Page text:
Beethoven: The Symphonies, Osmo Vänskä/The Minnesota Orchestra

Very much of and for our own time?

Faced with complementary feeding stuff for cats or pet medication camouflaged with chunks of delectable food, my cat Gustav gives it a careful look and a long sniff. Finally, he paws the floor in disgust and struts away. That is also what I do (well, more or less) when it comes to blurbs, puffs, and other marketing gimmicks.

But this time I thought I couldn’t ignore so much extravagant praise from so many respectable quarters. For example, the Gramophone gushed, One of the finest available Beethoven symphony cycles… a Beethoven reforged for today’s world…; the American Record Guide enthused, It’s hard to think of a more distinguished Beethoven cycle by an American orchestra since the legendary Toscanini traversal of 1939… very much of and for our own time…; and the New York Times opined, It may be the definitive one of our time… the hook is less the latest surround technology than the exciting, involved playing.

Now I must admit I bought all the hype and, with it, the much-trumpeted set. And when I was listening to these taut, fleet-footed, well-engineered and unrelievedly bland readings, it suddenly hit me that the reviews were right on point: This Beethoven symphony cycle is, beyond any doubt, very much of and for our own time or, better still, for today’s world, and it may very well be the definitive one for the first half of the 21st century. In fact, the longer I listened, the more convinced I was that Vänskä, a first-rate conductor with several fine Sibelius recordings under his belt, had approached his job with all the passion of a watchmaker or pharmacist. To be honest, though, I find it hard to blame him for ensuring the two things required from artists these days – thorough preparation and flawless execution. Who could ask for more? Isn’t that what we require from all professionals, including ourselves?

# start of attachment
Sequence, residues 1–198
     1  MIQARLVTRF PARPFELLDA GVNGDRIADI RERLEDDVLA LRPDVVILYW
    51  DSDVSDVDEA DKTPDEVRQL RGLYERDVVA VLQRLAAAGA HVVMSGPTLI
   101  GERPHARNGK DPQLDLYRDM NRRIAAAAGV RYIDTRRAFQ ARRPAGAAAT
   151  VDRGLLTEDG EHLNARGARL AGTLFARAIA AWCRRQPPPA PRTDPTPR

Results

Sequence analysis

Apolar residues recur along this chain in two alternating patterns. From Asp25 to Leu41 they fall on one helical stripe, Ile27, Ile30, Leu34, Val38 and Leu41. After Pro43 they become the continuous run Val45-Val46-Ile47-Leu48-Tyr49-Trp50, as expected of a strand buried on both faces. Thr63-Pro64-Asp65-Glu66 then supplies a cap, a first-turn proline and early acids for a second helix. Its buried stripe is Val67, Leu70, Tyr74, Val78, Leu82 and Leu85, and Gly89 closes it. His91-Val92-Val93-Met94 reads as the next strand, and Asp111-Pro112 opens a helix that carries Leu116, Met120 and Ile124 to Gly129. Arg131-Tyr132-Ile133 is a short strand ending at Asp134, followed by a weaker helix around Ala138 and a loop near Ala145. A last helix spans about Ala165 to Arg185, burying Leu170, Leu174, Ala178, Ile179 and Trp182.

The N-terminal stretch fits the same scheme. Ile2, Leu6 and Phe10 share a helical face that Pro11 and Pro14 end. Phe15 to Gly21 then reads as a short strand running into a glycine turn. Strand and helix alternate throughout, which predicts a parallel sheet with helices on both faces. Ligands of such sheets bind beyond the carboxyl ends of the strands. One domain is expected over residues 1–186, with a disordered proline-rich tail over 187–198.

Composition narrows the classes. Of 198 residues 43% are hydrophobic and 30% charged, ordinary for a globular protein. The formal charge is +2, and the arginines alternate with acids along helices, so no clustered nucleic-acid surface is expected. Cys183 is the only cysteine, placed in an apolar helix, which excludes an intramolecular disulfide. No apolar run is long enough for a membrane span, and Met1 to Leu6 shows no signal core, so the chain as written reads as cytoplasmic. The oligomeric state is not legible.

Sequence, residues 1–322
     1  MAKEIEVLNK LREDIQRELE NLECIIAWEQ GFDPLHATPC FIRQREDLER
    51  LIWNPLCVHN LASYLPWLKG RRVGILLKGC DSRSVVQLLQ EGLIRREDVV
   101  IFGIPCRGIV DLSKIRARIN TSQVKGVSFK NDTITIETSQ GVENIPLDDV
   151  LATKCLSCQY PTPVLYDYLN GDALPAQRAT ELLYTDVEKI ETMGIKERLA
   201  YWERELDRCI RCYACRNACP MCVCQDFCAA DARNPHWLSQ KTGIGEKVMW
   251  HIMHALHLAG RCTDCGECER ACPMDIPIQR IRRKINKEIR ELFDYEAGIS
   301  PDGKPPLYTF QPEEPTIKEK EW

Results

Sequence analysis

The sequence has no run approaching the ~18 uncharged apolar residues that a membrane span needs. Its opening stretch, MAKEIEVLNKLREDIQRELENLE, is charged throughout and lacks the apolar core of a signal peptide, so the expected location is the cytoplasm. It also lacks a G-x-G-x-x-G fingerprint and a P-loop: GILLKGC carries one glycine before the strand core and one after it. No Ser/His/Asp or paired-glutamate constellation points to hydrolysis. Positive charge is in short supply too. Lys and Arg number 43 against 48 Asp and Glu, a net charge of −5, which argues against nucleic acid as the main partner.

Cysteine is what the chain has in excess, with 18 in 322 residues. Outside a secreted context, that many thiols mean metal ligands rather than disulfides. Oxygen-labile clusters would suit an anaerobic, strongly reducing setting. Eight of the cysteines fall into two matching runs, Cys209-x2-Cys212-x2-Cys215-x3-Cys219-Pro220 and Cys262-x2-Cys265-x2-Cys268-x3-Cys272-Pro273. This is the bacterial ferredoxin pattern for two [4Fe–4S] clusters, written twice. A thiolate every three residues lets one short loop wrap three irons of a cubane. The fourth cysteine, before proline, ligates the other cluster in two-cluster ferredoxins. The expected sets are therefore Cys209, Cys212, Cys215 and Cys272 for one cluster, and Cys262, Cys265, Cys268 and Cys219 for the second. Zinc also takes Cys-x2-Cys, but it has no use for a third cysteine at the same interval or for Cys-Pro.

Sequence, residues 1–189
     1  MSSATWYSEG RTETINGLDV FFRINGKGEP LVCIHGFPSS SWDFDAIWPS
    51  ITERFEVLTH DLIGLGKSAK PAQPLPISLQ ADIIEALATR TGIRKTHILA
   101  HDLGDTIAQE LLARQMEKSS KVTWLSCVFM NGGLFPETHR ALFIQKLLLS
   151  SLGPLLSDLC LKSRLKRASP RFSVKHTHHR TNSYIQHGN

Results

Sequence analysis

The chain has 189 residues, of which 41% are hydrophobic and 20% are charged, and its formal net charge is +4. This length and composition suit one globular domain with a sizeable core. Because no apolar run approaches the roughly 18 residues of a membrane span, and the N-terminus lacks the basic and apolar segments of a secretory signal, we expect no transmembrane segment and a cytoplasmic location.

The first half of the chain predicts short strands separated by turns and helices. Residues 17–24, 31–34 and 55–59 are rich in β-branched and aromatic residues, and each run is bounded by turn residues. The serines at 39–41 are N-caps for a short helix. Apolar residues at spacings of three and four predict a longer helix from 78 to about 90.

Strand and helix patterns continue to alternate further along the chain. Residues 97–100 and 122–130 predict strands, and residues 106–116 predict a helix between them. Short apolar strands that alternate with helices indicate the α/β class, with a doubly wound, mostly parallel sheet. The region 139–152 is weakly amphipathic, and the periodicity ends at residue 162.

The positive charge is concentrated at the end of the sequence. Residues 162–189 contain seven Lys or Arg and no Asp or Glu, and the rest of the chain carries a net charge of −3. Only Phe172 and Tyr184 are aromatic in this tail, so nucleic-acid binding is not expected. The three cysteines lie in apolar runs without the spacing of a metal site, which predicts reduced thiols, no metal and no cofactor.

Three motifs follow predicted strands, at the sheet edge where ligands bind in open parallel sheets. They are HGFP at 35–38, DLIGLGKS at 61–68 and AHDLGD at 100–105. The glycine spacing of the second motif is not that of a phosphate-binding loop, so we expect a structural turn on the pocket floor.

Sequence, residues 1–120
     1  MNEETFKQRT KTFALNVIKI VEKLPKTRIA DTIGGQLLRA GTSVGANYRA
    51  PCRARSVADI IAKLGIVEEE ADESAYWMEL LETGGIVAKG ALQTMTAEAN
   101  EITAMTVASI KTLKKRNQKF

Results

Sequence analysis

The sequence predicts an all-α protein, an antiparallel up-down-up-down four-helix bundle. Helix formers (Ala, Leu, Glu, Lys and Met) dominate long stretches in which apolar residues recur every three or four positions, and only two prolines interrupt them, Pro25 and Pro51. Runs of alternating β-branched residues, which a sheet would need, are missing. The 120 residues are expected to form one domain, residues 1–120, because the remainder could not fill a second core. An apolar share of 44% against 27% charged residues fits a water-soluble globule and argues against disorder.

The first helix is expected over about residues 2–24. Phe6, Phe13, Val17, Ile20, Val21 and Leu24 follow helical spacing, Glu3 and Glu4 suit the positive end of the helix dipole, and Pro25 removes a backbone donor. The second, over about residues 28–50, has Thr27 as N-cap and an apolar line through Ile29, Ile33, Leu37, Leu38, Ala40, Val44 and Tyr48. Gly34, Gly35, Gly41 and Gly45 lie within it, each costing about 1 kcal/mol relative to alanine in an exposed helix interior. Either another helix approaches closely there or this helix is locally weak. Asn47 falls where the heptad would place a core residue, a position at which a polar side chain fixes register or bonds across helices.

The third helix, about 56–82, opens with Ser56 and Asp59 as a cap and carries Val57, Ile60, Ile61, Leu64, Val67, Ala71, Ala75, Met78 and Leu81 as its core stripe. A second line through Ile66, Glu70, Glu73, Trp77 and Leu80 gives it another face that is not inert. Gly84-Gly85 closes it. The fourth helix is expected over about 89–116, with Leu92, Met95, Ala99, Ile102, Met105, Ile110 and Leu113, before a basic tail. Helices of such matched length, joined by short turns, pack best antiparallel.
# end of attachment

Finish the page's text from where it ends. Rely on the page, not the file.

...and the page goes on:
Or maybe Vänskä should have said to the orchestra, Look, let’s not kid ourselves – no matter how hard we try, there’s no way we can beat the Berlin Phil or the Vienna Phil on their home turf. We’re no match for that relentless martinet Toscanini and his impeccably drilled outfit, or his disciple Szell and that perfectly honed machine, the Cleveland Orchestra. We won’t outplay Carlos Kleiber and the incredible Vienna Philharmonic in the Fifth’s Allegro con brio or the Seventh’s Presto. Besides, we don’t want to imitate Gardiner, Harnoncourt, Norrington, Hogwood or Immerseel and produce some sort of beefed-up Haydn, or Pergolesi on speed. C’mon, let’s play the socks off these warhorses with the passion, pride, defiance and dignity they’re crying out for.

And yet, like Gardiner or Harnoncourt before him, Vänskä put his Beethoven on a low-cal diet, opting for brisk tempos, lean sound, transparent textures, strict rhythmic discipline, and precise articulation. While his is a perfectly valid approach, we should keep in mind that there is nothing original or interesting about it. Toscanini and Szell, both of whom had tried these methods long before the so-called authentic performance movement came to the fore, achieved much more in the way of orchestral virtuosity and expressive power.

In any case, if you look for poetry in music, you’ll find it not in box sets, but on individual CDs, such as Carlos Kleiber’s superlative Fifth and Seventh with the Vienna Philharmonic (Deutsche Grammophon); Fricsay’s exceptionally well played and sung Ninth with the Berlin Philharmonic & St. Hedwig’s Cathedral Choir (Deutsche Grammophon); Monteux’s magnificent Third with the Concertgebouw Orchestra (Philips); Böhm’s spine-tingling Sixth with the Vienna Philharmonic (Deutsche Grammophon); and various other recordings, too numerous to mention here.

But if you feel you must own a Beethoven symphony cycle, try the 1966 Szell-Cleveland SO (Sony), the 1977 (or 1963) Karajan-Berlin Philharmonic (Deutsche Grammophon), the 1989 Wand-NDR, or the 1999 Barenboim-Staatskapelle Berlin (Warner Classics). Unless you’re squeamish about dated mono sound, you might want to consider the remastered Bruno Walter set (United Archives or Music & Arts), featuring eight symphonies performed by the New York Philharmonic and the Sixth by the Philadelphia Orchestra at its most fabulous.

Or stick with this set if you like your Beethoven lean, sterile, and bleached of emotion.

 

© Krzysztof Mąkosa

 

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